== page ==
Although I can’t be sure, I think there must be some truth in that… after all, she bakes cakes on the side and works a stressful job in a financial institution. At one point, she was baking cakes after work just about every day and weekend and decorating the pretty little boxes which will eventually contain the goodies.

But I’ve come to the conclusion that it’s gotta be talent. And (a great deal of) interest. I must confess I have none of the former and some of the latter — although it revolves mostly around eating the finished product more than anything else.

Still, I have resolved to learn how to bake properly one day, and not just the usual cup cakes and butter cakes. We’re talking the whole nine yards of icing, sugaring, etc… In short, a work of art; the premium stuff. It’s just that I’m quite put off by the whole idea of having to enroll for a two-year course in a hospitality institution and sit through countless of theory classes just to learn how to make macaroons, panna cotta or even a wedding cake.




See, I have a short attention span. I can’t just sit and listen for hours and try to imagine. I prefer to get in to the kitchen and do stuff because that’s the best way to learn and remember. Especially when it comes to things that involve the creative process.

So you can imagine my delight when I found out about the Academy of Pastry Arts Malaysia. The institute offers short term baking and pastry art courses, including sugar art and chocolate. These range from two-day specialty programmes conducted by award-winning guest chefs from Asia and Europe, to three- and nine-month courses conducted by Chef Guillaume Lejeune, the school’s resident French chef and director of pastry studies. Most of the learning is done on the job; very little of it is done in the classroom.

And you’re not given unrealistic expectations. The school’s commitment is in grooming the best ready-to-perform pastry professionals entering the hotel industry or related pastry fields. Meaning you’re not an expert the moment you graduate with a certificate, but you will certainly be better trained to immediately start work in the industry if you so choose; you’ll not look at the head chef with a blank look if he asked you to perform a task. And they’re not pretentious — hobbyists are welcome, too.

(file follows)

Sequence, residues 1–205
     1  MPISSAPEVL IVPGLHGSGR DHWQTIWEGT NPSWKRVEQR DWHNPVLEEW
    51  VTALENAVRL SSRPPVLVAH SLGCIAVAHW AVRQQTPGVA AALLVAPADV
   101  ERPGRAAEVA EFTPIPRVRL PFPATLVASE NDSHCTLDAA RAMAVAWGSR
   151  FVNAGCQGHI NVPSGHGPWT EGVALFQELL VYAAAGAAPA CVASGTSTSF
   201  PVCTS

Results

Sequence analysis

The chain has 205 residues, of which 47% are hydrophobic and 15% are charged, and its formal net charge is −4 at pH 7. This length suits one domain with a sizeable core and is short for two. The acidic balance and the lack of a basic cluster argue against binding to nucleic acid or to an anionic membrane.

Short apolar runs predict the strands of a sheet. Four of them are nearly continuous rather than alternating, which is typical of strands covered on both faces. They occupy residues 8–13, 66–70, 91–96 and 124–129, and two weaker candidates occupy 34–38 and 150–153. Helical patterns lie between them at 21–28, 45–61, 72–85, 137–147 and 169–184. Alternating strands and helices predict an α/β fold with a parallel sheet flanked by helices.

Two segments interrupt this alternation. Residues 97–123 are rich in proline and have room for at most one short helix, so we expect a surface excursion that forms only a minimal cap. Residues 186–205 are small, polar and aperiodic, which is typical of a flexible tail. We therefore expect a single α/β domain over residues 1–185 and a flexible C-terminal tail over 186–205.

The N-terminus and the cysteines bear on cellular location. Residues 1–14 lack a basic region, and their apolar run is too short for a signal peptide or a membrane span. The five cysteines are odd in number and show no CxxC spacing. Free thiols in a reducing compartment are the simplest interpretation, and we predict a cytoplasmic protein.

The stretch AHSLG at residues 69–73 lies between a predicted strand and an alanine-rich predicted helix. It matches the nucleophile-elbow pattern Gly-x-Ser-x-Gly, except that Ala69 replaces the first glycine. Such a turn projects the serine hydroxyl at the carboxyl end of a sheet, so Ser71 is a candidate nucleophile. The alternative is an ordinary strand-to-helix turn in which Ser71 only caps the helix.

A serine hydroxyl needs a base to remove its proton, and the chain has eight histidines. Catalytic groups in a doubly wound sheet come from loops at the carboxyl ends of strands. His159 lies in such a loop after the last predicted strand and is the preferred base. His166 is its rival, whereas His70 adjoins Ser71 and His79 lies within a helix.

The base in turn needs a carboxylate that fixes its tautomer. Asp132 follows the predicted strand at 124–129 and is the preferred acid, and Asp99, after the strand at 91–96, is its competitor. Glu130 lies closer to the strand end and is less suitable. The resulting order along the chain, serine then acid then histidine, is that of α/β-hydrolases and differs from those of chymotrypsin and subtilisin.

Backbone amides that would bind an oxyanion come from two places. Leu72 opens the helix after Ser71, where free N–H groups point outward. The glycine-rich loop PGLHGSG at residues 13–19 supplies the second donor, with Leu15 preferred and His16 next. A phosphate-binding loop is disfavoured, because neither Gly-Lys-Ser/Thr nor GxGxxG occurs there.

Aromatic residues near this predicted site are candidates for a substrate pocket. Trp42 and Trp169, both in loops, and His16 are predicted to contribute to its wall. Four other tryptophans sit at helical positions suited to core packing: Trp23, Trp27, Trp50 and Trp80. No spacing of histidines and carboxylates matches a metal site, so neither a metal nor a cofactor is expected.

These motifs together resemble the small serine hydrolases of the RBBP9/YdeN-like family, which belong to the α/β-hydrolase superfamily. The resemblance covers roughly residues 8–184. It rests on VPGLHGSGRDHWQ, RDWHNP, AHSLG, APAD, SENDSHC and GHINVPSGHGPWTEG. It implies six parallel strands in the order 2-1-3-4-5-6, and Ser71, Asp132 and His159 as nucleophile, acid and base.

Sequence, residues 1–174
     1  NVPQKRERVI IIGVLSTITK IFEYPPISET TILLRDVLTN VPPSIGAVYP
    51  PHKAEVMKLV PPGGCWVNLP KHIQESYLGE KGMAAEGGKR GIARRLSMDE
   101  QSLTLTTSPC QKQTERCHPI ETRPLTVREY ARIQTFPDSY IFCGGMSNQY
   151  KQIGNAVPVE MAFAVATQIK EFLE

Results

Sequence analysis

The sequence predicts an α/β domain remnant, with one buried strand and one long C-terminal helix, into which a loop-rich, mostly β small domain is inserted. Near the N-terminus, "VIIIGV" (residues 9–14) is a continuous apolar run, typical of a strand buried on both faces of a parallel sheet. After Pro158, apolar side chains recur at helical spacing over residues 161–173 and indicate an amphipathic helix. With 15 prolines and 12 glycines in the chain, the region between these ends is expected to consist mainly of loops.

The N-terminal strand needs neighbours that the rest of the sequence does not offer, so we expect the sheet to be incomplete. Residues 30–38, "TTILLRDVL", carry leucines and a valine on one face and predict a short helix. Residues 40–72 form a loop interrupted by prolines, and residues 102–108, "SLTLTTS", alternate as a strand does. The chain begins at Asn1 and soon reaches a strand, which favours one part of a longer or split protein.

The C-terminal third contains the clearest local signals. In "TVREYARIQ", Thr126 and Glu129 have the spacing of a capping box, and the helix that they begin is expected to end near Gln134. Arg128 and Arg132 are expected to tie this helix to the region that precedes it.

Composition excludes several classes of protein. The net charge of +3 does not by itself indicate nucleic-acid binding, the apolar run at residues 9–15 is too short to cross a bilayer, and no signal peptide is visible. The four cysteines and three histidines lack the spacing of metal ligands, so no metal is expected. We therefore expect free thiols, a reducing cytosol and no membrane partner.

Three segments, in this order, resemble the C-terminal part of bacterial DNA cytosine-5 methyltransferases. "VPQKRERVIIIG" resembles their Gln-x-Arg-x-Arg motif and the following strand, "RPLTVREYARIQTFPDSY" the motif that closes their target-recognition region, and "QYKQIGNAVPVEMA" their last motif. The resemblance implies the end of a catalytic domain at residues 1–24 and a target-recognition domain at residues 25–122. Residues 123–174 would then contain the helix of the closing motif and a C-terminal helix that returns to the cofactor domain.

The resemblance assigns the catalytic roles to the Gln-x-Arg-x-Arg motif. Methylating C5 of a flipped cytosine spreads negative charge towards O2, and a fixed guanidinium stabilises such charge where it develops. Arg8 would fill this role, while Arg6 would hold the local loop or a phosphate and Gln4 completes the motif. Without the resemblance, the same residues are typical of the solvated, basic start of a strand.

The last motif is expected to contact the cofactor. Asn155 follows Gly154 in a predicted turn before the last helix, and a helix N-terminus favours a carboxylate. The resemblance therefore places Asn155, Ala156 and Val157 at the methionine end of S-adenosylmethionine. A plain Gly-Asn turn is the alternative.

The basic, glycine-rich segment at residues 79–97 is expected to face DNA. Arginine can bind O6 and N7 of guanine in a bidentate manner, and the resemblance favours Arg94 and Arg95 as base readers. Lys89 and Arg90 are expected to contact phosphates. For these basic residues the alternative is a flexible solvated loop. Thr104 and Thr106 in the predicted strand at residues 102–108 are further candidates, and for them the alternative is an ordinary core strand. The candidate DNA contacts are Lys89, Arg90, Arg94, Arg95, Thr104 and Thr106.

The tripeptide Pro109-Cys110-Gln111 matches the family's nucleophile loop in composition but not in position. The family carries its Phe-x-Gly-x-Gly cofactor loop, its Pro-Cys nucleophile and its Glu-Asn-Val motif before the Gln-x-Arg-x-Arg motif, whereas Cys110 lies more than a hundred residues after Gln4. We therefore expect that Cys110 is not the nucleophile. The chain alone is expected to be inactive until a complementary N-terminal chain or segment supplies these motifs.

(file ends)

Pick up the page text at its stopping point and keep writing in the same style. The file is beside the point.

I paid a visit to the academy last week. It was exciting to see a table laden with all kinds of sweet delights. While I don’t have a sweet tooth, I certainly do enjoy looking at pretty things.

What really got me all excited was a demonstration on making panna cotta — one of my favourite desserts — by Chef Lejeune. It sounds quite simple, really. Heat cream sprinkled with vanilla pods and sugar in a pan. Add gelatin (already dissolved in water, and not too much or the panna cotta will turn out too stiff) and stir until consistency thickens. Turn off the pan and pour mixture into mould. Pop it into the fridge and let it set.

Get creative. Use strawberries.

Or mix two flavours — say vanilla and pistachio. Voila.

There’s plenty to learn. If you work hard at it, you can even set up your own shop! Find out more about the Academy of Pastry Arts Malaysia at check out a video on Eduwebtv right here.



Eat, Drink & Live @ Epicure Malaysia 2010


Eat, Drink, Live!

Interested in learning … how to make chocolate? How to cook classic French cuisine? All about golfing? All about beer or fine Italian wine? Where to find roofing or swimming pool specialists?  All of the above?